Suez War Memorial Cemetery

The Suez War Memorial Cemetery is based seven kilometres west of the Suez town centre. If you are travelling from Cairo you will drive along the Cairo/Suez Roads, a direct traffic link between the cities. When you reach Suez via this route you’ll come to a roundabout/T junction which is signed and will direct you left. Follow as directed and continue along the road to a traffic light where you will again turn left. Continue travelling along this road for several hundred metres until you see a large communications pylon on your right, turn right just before the pylon. A short way along this road you will find signs directing you to the Suez War Memorial Cemetery on your left and the Suez African and Indian Army Cemetery is to your right.

There are 890 Commonwealth war graves at the Suez War Memorial Cemetery, 55 of those interred here are Australian, 42 from the First World War and 13 from the Second. There are also a number of men commemorated in a special memorial inside the cemetery, men who are known to be buried inside the cemetery and surrounding areas but whose graves could not be located.

The Suez War Memorial Cemetery was opened in 1918. The region played a key role in the war as a hospital centre, hosting two Indian general hospitals, two stationary hospitals and casualty clearing stations. Prior to 1918 bodies were buried in the nearby Protestant cemetery and these would later be moved to the Suez War Memorial Cemetery. The close by Arbain Indian Cemetery was also included in to the new cemetery, however its graves aren’t marked by stones or crosses, but their names inscribed on screen wall panels at the front of the burials.  

Image: Suez War Memorial Cemetery.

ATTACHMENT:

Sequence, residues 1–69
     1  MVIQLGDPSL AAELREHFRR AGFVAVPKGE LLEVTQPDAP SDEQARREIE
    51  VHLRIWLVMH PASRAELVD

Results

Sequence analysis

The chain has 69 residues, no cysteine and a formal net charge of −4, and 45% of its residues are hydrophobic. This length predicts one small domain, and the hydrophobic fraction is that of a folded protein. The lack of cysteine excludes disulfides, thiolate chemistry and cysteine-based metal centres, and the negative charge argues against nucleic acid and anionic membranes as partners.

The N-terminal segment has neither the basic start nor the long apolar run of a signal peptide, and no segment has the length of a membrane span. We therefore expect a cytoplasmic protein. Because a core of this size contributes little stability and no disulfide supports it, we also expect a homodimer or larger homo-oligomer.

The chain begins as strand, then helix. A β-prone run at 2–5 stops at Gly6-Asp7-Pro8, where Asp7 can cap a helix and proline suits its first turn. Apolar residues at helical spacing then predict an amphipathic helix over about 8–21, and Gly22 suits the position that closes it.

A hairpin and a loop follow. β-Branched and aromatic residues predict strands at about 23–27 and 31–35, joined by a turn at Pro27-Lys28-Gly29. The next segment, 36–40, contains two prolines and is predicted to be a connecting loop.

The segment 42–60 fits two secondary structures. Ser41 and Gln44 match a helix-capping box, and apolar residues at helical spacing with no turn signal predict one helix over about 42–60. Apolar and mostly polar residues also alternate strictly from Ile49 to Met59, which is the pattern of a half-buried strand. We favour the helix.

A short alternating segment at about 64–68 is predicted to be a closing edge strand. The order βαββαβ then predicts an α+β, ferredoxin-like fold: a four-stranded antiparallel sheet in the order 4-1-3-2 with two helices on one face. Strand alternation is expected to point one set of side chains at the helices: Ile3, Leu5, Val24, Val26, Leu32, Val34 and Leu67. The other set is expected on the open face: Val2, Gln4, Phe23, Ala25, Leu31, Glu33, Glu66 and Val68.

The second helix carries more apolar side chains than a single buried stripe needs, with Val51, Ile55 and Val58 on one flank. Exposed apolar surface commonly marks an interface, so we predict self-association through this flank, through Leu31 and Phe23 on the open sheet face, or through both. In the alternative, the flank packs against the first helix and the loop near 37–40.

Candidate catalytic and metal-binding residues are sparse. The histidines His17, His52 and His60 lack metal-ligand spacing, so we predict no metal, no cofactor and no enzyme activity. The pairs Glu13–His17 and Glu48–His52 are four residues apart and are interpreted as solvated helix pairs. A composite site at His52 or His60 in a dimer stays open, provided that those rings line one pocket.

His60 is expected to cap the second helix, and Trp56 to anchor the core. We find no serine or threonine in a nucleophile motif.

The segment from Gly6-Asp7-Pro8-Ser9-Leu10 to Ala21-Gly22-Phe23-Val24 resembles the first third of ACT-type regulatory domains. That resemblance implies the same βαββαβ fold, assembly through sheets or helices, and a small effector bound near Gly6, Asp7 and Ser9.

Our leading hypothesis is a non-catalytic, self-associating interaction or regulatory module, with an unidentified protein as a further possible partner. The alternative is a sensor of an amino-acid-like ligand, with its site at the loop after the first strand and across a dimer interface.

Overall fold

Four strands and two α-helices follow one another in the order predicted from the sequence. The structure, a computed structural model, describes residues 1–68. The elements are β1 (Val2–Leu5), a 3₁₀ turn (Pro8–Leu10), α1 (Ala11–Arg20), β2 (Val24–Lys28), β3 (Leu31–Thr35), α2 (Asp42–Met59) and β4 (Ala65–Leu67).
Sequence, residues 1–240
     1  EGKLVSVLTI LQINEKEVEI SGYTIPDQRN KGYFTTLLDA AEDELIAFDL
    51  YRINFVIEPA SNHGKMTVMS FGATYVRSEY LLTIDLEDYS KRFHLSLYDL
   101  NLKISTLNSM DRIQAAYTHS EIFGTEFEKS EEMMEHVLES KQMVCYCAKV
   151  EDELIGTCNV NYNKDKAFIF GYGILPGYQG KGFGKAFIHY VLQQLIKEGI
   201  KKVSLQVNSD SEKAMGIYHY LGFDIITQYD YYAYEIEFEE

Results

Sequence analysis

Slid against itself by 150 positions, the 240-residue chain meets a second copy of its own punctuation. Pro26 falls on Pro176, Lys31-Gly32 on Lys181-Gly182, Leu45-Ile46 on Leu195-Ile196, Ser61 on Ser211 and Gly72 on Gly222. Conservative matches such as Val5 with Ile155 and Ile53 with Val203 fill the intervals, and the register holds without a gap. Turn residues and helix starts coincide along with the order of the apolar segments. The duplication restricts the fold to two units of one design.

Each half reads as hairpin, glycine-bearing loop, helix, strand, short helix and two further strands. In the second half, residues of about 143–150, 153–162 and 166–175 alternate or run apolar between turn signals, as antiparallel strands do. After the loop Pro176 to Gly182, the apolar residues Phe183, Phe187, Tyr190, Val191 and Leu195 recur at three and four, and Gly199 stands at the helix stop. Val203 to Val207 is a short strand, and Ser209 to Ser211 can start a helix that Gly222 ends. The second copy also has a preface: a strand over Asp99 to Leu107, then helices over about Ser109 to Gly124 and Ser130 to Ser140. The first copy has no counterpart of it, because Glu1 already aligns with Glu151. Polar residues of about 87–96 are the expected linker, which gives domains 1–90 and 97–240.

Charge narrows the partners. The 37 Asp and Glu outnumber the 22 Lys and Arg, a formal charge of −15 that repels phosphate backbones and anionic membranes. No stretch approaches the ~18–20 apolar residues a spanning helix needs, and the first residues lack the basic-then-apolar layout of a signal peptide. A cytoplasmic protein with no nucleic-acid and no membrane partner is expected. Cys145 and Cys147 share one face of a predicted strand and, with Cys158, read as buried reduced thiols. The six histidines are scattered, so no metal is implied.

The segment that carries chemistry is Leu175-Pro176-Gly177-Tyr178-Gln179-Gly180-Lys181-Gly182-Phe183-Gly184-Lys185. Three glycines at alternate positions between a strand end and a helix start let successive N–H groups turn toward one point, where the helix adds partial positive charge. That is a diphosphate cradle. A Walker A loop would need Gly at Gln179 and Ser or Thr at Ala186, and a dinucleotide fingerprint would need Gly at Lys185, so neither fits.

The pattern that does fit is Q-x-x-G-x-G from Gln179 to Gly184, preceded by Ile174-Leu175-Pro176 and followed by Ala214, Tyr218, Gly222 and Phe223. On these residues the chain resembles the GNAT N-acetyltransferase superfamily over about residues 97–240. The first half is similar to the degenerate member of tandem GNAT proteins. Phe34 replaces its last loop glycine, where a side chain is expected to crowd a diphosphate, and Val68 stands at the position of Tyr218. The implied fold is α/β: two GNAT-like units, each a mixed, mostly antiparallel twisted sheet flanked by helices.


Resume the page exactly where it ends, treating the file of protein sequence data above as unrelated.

Creator: Christopher Karykides

In times of war and peace, the Suez Canal was key to the strength of the British Empire. Its defence was a priority of the British presence in Egypt as any vulnerability could disastrously impact lines of communications and transportation so necessary to the war effort.

Later in 1914, British leaders placed tens of thousands of troops, including many Indian soldiers, along the ninety-nine miles of Canal, from Port Said through to Suez. There were also strategic actions, such as flooding parts of the Canal at its north end and at the point running through the Bitter Lakes. This made the Canal unapproachable and the ‘theory was to make the water of the Canal the main obstacle.’

Although the Canal was always considered an essential point of defence, Egypt was thought of mostly as a training camp and troops stationed there were moved in large numbers to Europe as there were no serious concerns of an invasion from Palestine. However, when the Serbian barrier between the Central Powers and the Near East front opened up there was a definitive shift in the defence approach of Egypt and the Canal.

Rather than the Allied defences being sited alongside the banks of the waterway, troops were moved twelve miles into the Sinai desert, Lord Kitchener is reported to have said ‘instead of you guarding the Canal, the Canal is guarding you.’  

Image: Australians on sentry duty at the Suez Canal.
Source: Bendigonian, 27 May 1915, p.2.